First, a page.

More than 2.5 million Muslim pilgrims begin haj


More than 2.5 million Muslim pilgrims begin haj
Essence of Haj

LABBAIK Allahumma Labbaik (Here I come, My Lord, in response to Your call), For thousands of years, the believers from around the world have traveled to Makkah for Haj. The sight of nearly three million pilgrims in all white performing Haj rituals and endlessly circumambulating the majestic black structure is breathtaking.

For days the pilgrims go around the Kaaba, the first mosque and place of worship on the planet, pray at the Grand Mosque, camp in Mina before moving to the plains of Arafat in what is considered the most important ritual of the Haj — all the time praying, chanting and reciting the Qur’anic verses and supplicating before their Creator.

This spiritual and emotional journey concludes with the offering of the animal sacrifice that also marks the Eid Al Adha across the world.  Labbaik Allahumma Labbaik ( Here I come, My Lord, in response to Your call).

What is the Haj? Most people around the world would have no difficulty describing it as the Islamic pilgrimage and the greatest congregation on the earth. Few, however, realize that Haj is a celebration of the ultimate sacrifice offered by Prophet Abraham and his son Prophet Ismail, peace be upon them, nearly three thousand years ago. Abraham, revered by the Christians, Jews and Muslims as their patriarch, was no stranger to sacrifices.  All his life he had wandered all across this ancient land, spreading the word of God and suffering every adversity possible in the process. When ordained by Allah, Abraham moved his wife to the wilderness of Arabia where Ismail was born and grew up in a hostile landscape. Again, it was here in Makkah that the father and son duo were told to build the first House of God.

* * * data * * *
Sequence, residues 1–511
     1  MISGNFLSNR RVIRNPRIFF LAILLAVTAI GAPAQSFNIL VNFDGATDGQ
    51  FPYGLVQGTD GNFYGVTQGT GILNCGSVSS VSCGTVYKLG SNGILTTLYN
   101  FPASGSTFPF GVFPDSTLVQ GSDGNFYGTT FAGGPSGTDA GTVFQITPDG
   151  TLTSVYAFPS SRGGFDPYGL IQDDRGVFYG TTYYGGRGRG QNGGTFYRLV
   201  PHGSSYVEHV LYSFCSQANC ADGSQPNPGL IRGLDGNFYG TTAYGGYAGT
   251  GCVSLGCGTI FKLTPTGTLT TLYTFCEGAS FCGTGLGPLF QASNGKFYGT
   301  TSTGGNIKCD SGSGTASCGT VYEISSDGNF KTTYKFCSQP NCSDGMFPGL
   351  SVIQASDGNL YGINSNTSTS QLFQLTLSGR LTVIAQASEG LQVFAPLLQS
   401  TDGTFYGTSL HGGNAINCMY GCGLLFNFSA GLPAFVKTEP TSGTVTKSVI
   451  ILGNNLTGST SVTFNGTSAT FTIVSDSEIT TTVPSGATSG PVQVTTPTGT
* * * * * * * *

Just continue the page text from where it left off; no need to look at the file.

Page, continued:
Ultimately, it was Abraham’s offering of his beloved son’s life as ordained in a dream that culminated the trial of this great prophet and humanity’s sage. The Qur’an tells us Ismail was replaced by a ram just when Abraham was about to slay his beloved son. And this supreme act of sacrifice and unquestioning submission to divine will so moved Allah that He chose to immortalize it for all times to come.

So for centuries the pilgrims from around the world have come to the Holy Land to remember and celebrate that noble sacrifice of the illustrious father-son duo.  They retrace and relive the spiritual journey of Abraham and Ismail, just as Prophet Muhammad did 1500 years ago.

From running between the Safa and Marwa hills, just as a helpless Hajrah did looking for water for a thirsting Ismail a long time ago, to living and praying in open and finally offering their own symbolic, animal sacrifice, the pilgrims walk in Abraham’s footsteps — literally.

The Haj is thus a saga of ultimate sacrifice, total submission and unshakable faith of two believers. It’s also a celebration of unity of mankind and equality of all men and women before God. The faithful appear before Him devoid of all pretensions and false distinctions, wearing a humble, two-piece, unstitched cloth. And everyone is equal before God — black and white, men and women, rich and poor. Is there a more liberating, equalizing faith?

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